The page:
Monty Got A Raw Deal

March 16, 2008

A brief list of reasons why Michael Stipe would want to write a song in tribute to Montgomery Clift:

1) Identification with his sexuality. Clift had affairs with both men and women, and though he was closeted, his homosexuality was not entirely unknown to the world.

2) Identification with his celebrity; specifically the way Clift’s desire for both privacy and commercial success forced him to live something akin to a double-life.

3) Fascination with Clift’s tragedy. After an accident scarred his beautiful face and left him impotent, Clift fell into the depths of depression and addiction. His story is a reminder that great success and beauty can be ruined very easily.

4) Montgomery Clift was very handsome. I suspect that much of Stipe’s interest in Clift is based on finding him attractive and intriguing. The song is like a love letter to a ghost.

The lyrics look to the past, but I believe that Stipe is mainly interested in divining his own future. The song conveys a powerful dread and paranoia, to the point that the singer sounds as though he cannot imagine life moving on without a taste of tragedy and defeat. This is in part due to the the bleak, solemn tone of the music, but it’s also in the passivity of Stipe’s language — he comes across like a man resigned to his fate, and can only hope to find his dignity in stoicism.


30 Responses to “Monty Got A Raw Deal”

  1. 2d Says:

    this is the best song from “automatic” for me, though that’s a difficult award to give away.

    it manages to be epic in just over 3 minutes, it’s dark and the music is just perfect for the subject of the song. from the acoustic intro to the thundering drums to the almost oriental-sounding guitars from the “pre-chorus” to the moody organ and the crunchy bassline… totally atypical song structure, and quite reminiscent of the spontaneity of “murmur” methinks.

    it’s just about the most perfect r.e.m. song for me.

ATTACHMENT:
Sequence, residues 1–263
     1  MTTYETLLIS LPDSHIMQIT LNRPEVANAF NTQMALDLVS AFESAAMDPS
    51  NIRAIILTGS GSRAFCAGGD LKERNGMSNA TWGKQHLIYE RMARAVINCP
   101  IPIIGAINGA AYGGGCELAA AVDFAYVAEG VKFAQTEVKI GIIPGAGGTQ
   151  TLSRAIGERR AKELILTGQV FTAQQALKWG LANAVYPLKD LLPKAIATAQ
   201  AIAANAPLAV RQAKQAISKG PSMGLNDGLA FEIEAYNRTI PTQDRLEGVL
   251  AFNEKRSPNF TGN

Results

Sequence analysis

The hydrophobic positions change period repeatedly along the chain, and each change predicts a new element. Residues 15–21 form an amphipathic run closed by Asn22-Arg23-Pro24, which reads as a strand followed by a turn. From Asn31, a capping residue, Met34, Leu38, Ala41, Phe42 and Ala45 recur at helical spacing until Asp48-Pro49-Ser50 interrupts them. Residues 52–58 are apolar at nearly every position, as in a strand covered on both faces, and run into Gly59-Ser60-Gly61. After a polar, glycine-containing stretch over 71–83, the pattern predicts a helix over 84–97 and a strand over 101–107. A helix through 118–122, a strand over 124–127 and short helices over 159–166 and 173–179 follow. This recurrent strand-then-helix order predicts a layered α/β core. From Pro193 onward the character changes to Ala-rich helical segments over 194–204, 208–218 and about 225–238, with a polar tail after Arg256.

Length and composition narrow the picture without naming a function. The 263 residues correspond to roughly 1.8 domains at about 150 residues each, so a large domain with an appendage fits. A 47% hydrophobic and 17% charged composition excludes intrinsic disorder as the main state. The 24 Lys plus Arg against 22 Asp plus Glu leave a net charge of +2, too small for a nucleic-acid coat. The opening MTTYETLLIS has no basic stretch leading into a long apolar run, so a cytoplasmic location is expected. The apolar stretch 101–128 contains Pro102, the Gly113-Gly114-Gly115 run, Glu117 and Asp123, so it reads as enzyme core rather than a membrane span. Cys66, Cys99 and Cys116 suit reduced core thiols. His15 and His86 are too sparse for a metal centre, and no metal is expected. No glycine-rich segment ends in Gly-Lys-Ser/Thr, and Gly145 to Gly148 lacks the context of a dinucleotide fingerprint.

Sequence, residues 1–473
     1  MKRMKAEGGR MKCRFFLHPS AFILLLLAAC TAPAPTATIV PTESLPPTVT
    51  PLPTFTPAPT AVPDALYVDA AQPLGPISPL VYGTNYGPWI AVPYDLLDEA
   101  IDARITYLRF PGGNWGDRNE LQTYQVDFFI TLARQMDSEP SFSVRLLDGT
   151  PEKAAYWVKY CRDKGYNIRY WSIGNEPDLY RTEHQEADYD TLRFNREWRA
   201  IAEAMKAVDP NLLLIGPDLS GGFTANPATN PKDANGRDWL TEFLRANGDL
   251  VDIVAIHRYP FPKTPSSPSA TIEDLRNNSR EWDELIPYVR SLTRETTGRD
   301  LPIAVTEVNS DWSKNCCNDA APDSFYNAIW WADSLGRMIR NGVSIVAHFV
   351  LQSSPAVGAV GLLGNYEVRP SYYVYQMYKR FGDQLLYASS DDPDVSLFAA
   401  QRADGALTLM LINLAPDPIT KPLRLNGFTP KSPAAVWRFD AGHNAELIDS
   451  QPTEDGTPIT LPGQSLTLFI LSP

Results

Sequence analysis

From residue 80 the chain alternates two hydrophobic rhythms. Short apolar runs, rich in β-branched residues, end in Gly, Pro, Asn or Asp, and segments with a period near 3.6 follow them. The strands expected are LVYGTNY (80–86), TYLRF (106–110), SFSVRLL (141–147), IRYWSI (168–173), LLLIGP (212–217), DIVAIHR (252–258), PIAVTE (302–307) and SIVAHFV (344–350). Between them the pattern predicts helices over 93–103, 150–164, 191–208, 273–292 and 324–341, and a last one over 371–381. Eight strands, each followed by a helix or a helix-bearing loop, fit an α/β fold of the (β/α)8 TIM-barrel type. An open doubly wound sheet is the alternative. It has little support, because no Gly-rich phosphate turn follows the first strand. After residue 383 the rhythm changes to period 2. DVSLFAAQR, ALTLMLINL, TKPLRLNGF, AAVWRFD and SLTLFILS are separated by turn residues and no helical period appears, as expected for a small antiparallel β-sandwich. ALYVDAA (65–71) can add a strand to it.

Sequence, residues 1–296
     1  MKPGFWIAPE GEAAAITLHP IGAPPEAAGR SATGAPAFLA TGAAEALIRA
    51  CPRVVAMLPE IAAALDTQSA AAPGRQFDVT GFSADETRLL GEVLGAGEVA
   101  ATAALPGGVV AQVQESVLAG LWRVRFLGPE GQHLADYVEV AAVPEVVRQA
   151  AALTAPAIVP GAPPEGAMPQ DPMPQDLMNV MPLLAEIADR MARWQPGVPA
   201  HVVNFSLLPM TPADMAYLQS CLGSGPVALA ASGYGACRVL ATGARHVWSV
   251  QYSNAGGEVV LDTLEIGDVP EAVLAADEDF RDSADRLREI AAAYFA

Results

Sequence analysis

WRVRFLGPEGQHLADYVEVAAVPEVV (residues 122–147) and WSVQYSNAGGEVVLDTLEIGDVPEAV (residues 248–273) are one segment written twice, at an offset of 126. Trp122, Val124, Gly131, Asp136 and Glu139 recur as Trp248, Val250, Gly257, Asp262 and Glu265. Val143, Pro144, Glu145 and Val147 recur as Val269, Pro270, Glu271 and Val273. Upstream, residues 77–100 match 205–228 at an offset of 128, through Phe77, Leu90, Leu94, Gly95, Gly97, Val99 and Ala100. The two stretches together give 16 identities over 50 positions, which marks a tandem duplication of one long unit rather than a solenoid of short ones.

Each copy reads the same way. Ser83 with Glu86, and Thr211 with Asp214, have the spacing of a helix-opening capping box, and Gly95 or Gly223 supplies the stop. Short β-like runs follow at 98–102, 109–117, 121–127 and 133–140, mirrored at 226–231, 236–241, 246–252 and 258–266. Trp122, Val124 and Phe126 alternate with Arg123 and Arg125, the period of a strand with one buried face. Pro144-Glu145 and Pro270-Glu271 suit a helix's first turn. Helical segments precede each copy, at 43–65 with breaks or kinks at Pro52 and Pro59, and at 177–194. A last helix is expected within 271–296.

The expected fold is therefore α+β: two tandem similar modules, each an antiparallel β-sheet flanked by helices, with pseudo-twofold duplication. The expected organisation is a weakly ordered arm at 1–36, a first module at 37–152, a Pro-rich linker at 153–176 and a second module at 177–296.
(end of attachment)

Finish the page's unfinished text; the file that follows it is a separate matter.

2. maclure Says:

    Like 2d, I can’t praise this song enough. It is so effortless in it’s execution, so clear and distinct. I also think this song is ESSENTIAL to AFTP, not just album-filler which is what some might say it is compared to stronger, “bigger” songs on the record. If AFTP was a wall of bricks, Monty would be the cement. It serves the themes of the album so well and bridges the front half and back half of the record equally. Sonically it epitomises the acoustic but epic feel of the record, it’s about death (strung up in a tree), it echoes Try not to breath (don’t waste your breath) and by referencing Montgomery Cliff it pre-empts Man on the Moon with mentions of other late C20th celebrities who had tragic demises (Andy Kaufman, Elvis). The spikey, picked acoustic part that Peter plays is special and unexpected… a must! unbelievable!

  3. It really sounds unlike any other R.E.M. song. Some far Eastern flourishes leading into the chorus, Bill Berry’s shout-like backing vocals.

  4. pggtips Says:

    Vastly underrated song but goes to show how wonderful AFTP is. The song could be made for Kurt Cobain, River Phoenix or Britney Spears but it was probably written about the band themselves and the price they have paid for both being famous and the consequences of trying to become huge and the strain that has put on the four of them and their families and friends. Only they have been fortunate that they have kept some of their lives away from prying eyes and their every move hasn’t been photographed. They have been Pete Sampras as opposed to Andre Agassi.
    For me the genius of the song is that the song describes self-destruction within the 3 minute pop culture, by itself being part of the 3 minute pop culture (or 3:18 pop culture).